Take Your Stupid Phone Out at Concerts If You Want, You Babies
Future in Williamsburg
Laura June Kirsch for the Village Voice
Last week a writer for Pitchfork attended a Purity Ring concert in Melbourne, Australia. Nice. While such a scenario might normally come coupled with some degree of purple musings about synth textures and beguiling atmospherics, there’s little in the way of language about the actual music performed that night, because, as author Nick Fulton writes, he was too distracted by everyone with their dang phones out to properly immerse himself in the experience. Or, translated into Pitchforkian, “It’s hard not to wonder if these technophile fans know they are diluting not only their own but other people’s cultural intimacy.”
Fulton certainly isn’t alone in his concerns vis-à-vis our [extreme music-writer voice] diluted cultural intimacy, and his is just one of many such pieces that have sounded a similar alarm whenever a band’s collective ass turns up chapped over the ubiquitous practice, like She & Him and the Yeah Yeah Yeahs from a few years ago. Back around that time, when a viral video was being shared around that encouraged us to put down our phones lest we miss out on the world going on all around us, I was pretty adamant in my refusal. Phones are simply more interesting than people, I wrote. I’ve softened on that stance somewhat since then. Even as recently as 2013 no one really foresaw just how much time we’d all be spending out in public with our little baby content mouths suckling on the electronic teat of data, but the framing of this discussion as one of diametrically opposed poles with only two possible outcomes is counterproductive. Bans on phone use at concerts, as some artists and venues have toyed with, are an overreach. But, on the other hand, spending an entire show taking shitty photos no one wants to see and will never appreciate is inarguably a waste of time.
Naturally, reactions to the piece have been split between those who agree, the self-assured proponents of a sort of authentic whole-music approach to fandom and personhood, and others who chafe at the idea of ever being told by anyone that their wants might potentially be diminished in any capacity in order to accommodate others. In other words, contemporary internet discourse. Both groups, as is so often the case, are made up of assholes.
The truth, boringly, is somewhere in the middle. We should probably spend a little less time looking at our phones everywhere out in public, but not for the reasons the people who rail against it suggest.
Protests to the contrary from the straw-fan I’m arguing with in my brain right now, each commerce-driven congregation of musician and fans is not some idealized cultural ceremony whose authenticity must be defended by arbiters of taste and proper content processing. If you want art, go to an art gallery. Concerts, by and large, are dumb as hell, a pageant in which a disinterested semi-professional yells his or her feelings at you out of obligation to barely pay their rent. Some, of course, are indeed entertaining, perhaps occasionally emotionally moving, but it’s probably safe to say the vast majority of them are terrible slogs through the motions, and that a significant percentage of the attendees at said concert aren’t even there for the music anyway. This has always been the case, and it has nothing to do with the existence of cellphones. People go to see bands play because they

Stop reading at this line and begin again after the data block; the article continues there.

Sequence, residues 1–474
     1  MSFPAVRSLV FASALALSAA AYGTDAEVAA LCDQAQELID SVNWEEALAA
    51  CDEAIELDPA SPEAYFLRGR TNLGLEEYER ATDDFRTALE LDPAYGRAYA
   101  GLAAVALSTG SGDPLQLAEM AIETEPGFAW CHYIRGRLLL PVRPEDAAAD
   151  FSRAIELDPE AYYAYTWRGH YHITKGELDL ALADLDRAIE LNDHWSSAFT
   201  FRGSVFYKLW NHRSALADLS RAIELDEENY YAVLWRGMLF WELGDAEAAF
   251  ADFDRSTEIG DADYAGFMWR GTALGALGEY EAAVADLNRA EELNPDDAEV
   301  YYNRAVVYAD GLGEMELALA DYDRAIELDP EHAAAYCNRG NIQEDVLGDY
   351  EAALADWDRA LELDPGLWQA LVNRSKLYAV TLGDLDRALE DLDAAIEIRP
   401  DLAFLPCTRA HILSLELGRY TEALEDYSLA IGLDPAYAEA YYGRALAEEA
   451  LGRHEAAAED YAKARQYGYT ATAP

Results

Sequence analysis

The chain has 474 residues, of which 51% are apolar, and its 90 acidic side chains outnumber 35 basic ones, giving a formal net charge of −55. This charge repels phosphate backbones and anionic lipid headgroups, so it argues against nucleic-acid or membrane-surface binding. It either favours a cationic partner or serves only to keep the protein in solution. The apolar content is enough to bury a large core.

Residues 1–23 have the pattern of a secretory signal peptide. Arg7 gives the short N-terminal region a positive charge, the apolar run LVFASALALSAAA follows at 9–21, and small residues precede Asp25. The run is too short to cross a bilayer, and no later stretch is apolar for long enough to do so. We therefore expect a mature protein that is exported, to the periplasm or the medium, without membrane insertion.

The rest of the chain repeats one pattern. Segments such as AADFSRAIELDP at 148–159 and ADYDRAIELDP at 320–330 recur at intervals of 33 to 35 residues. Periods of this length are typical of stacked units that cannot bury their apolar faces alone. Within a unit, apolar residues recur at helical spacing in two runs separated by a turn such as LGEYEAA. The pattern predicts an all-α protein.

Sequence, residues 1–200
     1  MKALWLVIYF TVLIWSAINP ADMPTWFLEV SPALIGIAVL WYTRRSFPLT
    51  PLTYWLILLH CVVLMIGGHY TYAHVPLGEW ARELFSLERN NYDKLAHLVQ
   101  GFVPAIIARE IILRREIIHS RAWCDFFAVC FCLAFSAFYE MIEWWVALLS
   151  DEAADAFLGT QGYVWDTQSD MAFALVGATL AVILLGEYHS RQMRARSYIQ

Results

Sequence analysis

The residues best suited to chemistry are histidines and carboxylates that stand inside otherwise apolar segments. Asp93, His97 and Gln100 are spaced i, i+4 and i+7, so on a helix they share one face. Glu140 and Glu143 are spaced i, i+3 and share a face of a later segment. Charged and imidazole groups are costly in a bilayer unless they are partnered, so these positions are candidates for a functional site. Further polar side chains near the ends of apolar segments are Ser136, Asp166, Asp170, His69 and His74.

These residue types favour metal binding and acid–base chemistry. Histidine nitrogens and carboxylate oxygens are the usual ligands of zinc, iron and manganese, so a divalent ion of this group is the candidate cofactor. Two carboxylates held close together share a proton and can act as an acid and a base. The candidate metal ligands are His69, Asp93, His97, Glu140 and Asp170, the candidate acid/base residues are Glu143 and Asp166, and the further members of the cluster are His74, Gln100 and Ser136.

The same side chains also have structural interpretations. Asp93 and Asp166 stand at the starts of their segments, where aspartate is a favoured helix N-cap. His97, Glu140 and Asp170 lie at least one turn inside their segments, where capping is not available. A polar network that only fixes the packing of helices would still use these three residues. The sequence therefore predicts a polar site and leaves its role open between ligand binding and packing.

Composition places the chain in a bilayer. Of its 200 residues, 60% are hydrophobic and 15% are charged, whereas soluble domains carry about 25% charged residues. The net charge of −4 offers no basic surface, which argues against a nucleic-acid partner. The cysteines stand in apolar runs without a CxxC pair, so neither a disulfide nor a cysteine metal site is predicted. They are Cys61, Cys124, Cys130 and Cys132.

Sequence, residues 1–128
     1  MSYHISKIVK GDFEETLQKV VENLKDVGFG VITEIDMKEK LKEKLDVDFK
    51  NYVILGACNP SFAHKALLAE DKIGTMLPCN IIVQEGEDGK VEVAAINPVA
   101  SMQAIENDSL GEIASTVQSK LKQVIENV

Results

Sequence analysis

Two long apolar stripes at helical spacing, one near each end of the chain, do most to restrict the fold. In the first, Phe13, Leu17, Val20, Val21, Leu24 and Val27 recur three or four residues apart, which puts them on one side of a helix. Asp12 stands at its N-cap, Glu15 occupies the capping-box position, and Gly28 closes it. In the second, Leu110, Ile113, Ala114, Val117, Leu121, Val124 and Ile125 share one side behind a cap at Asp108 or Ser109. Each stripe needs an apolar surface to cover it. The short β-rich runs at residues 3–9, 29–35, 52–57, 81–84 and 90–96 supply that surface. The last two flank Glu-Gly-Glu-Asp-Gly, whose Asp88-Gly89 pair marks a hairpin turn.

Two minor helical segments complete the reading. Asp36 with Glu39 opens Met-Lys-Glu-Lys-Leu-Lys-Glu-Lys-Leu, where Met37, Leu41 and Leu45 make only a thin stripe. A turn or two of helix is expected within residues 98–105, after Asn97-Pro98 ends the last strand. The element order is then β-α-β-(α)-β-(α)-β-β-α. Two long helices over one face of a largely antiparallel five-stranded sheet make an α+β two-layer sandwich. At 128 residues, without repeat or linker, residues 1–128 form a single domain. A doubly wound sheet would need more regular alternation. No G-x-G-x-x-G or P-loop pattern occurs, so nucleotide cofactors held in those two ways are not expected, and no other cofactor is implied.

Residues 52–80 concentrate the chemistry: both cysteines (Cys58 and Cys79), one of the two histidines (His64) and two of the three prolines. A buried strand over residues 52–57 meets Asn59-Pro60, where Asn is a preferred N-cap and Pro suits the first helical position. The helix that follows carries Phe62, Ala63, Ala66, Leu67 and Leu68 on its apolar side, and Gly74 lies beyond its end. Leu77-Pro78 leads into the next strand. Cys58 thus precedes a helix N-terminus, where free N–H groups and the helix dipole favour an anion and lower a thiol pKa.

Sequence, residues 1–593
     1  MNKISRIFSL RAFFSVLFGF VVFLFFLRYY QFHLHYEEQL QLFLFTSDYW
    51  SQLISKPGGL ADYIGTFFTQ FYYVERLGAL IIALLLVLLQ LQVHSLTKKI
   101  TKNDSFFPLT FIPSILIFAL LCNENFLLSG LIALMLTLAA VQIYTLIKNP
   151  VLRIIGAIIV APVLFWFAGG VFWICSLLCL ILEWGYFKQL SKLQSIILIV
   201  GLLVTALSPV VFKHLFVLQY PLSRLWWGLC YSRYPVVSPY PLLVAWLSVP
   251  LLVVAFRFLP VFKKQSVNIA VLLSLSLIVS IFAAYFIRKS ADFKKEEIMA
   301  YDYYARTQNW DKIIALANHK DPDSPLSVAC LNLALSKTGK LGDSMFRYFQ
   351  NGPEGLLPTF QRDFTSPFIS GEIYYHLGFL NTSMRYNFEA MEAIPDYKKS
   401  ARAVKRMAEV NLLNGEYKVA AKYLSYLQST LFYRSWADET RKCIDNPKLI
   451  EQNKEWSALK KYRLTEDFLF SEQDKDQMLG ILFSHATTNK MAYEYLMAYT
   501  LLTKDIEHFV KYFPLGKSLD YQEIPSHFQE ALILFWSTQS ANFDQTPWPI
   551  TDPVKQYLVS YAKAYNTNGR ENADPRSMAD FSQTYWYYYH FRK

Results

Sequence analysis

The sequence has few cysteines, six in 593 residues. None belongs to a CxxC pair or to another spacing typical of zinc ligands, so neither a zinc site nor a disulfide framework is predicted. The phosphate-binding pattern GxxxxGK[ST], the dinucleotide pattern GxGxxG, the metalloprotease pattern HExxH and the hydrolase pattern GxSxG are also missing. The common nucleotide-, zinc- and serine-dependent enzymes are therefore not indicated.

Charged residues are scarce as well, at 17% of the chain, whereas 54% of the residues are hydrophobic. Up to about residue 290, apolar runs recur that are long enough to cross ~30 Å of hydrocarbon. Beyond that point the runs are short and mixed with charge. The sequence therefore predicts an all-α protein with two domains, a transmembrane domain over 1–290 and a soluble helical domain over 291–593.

1) want to bone someone
2) want to drink alcohol
3) actually appreciate the music
4) want to tell people they were there so that they might want to bone them at some later date.
“When people tell you they saw Nirvana in the Nineties you take their word for it,” Fulton writes. “Let’s go back to those days, because I don’t care what it looked like from 20 meters back in the crowd. I want to know what it felt like.”
Setting aside the concept here, that the purpose of going to a show is so you can tell someone about it years from now that here’s what it felt like back in the day at Super Cool Concert: Uhh. I’ve been going to concerts for about twenty years now, at a clip of a couple a week. That not only means I’m old as shit, but it represents thousands and thousands of bands I’ve seen, some of which have moved me to tears, but most of which have moved me to the sides of the venue to dick around. You want to know what it was like to see [quick list of all the cool shit I saw in my life]? Who the hell knows. Like most normal people, I was always half-interested in the show onstage and half-interested in other things going on in my life. When I started going to shows in the Nineties, pre-phones, each show wasn’t a sea of transfixed faces paying rapt attention to every shimmering note bestowed upon us by the demigods in our midst. In fact, back then, when a band was boring, I remember typically wandering over to the back of the venue, or over by the doors, and flipping through the alt-weeklies and zines they used to have everywhere. How is that any different from looking at your phone? For those who didn’t do that sort of thing, there was something called conversation with the people you came with. And, as you can surely imagine, that was always, 100 percent life-affirming and important and necessary. “Hey man, uh, what’s going on after?”
Phones aren’t the disease themselves, they’re simply a symptom of a larger problem that has been with us in music, in everything, always and forever: Life is really pretty boring, and the fleeting hope that something, somewhere might be going on that’s more interesting than this is the only thing that keeps most of us going every day.
If that doesn’t seem like a satisfying solution, or if it seems too glib a dismissal of the issue of phone use at shows, then I offer this simple proposal to bands everywhere: If you want people to stop looking at their phones, put on a better show.
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